-Yuntai Garden, a hilarious garden filled with little cartoon characters and things that Chinese people seem to think are nice in parks. It started to pour while we were walking around, but it was good for a laugh.

Dr. Sun Yat-sen’s Memorial Hall, a huge octagonal shaped building in the center of town to commemorate one of the most important figures in the history of Guangzhou. Sun Yat-sen was one of the most influential revolutionary leaders in China in the early parts of the 20th century, and is unique in that he is revered all over China AND Taiwan. He fought to establish a republic in China, and created one of the leading political parties in China at the time. His ideas have since been distorted to be the first calls for communism, when he in fact wanted to emulate the constitutional monarchies of Europe. The memorial hall was closed but we took a look from the outside and got some pictures.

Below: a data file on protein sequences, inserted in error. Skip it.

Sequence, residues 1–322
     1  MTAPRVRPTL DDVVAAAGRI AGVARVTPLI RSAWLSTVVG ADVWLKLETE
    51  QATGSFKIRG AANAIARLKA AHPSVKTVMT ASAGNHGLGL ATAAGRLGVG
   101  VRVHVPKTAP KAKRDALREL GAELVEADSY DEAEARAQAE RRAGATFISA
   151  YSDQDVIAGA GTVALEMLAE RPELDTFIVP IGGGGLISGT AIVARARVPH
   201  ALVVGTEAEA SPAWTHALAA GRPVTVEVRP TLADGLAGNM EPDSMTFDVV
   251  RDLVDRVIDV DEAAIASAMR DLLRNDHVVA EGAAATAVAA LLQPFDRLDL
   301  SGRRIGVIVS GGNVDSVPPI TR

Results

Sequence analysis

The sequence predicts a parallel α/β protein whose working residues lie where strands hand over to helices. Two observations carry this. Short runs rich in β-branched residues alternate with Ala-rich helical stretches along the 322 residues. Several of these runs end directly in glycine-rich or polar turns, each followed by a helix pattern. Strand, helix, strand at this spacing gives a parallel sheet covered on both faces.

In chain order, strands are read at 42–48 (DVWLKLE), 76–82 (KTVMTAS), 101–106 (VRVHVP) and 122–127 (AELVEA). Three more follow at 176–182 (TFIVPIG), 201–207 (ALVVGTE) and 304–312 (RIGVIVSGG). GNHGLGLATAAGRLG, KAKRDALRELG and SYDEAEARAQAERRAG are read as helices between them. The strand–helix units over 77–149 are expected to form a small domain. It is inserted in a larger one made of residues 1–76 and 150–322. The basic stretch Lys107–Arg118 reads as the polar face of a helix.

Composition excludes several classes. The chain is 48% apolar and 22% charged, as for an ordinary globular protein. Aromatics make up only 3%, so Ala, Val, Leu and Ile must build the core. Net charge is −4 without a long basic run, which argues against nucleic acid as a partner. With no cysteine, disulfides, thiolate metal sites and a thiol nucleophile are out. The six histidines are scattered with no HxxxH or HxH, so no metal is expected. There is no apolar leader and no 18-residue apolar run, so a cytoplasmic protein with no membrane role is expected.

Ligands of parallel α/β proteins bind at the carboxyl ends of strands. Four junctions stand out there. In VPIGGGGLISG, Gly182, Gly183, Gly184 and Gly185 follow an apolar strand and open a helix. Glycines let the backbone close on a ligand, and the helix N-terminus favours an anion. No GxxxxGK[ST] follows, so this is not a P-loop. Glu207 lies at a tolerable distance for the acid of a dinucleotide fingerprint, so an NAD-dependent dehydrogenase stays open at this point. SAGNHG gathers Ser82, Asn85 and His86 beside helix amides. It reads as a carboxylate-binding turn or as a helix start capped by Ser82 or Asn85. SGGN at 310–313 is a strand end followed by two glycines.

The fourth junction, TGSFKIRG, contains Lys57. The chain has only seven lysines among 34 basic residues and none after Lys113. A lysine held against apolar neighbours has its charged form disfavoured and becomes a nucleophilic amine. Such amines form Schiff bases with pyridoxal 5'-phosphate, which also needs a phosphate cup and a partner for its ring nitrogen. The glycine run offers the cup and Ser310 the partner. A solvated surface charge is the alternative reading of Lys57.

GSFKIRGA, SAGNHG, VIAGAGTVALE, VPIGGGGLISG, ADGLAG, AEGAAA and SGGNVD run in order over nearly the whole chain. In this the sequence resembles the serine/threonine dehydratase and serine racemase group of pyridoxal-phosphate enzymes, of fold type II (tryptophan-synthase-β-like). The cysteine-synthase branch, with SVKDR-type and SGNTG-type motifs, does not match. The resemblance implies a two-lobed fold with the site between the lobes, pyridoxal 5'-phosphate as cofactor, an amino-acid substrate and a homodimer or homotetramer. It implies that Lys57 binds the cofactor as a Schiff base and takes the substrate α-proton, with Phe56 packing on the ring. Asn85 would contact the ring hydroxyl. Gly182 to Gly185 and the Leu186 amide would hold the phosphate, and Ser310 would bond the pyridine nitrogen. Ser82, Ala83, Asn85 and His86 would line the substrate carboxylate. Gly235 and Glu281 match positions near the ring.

-Guixiao Si Temple and Liurong Temple, two Buddhist temples in the old part of Guangzhou. Both of these temples were said to have been visited by the Bodhidharma, the founder of Zen Buddhism (this is probably a legend as is the case with most claims such as these). Guixiao Si is a pretty generic looking Buddhist temple, which we have seen a lot of, but Liurong has a pagoda in the middle of it which was cool. Buddhist temples are starting to lose some of their initial appeal for us, because they really all look the same. I don’t mean slightly similar, I mean nearly identical. The pagoda was worth seeing though.

Beijing Lu (Beijing Road), the main shopping area in Guangzhou. A big pedestrian walkway with stores on either side, and the remains of ancient streets and buildings located in the middle. Nothing too incredible here, lots of really cheap clothes, but it is pretty crazy to be walking in what is basically a giant mall, then looking down and notice that underneath some plexiglass are the remains of a building built 1500 years ago.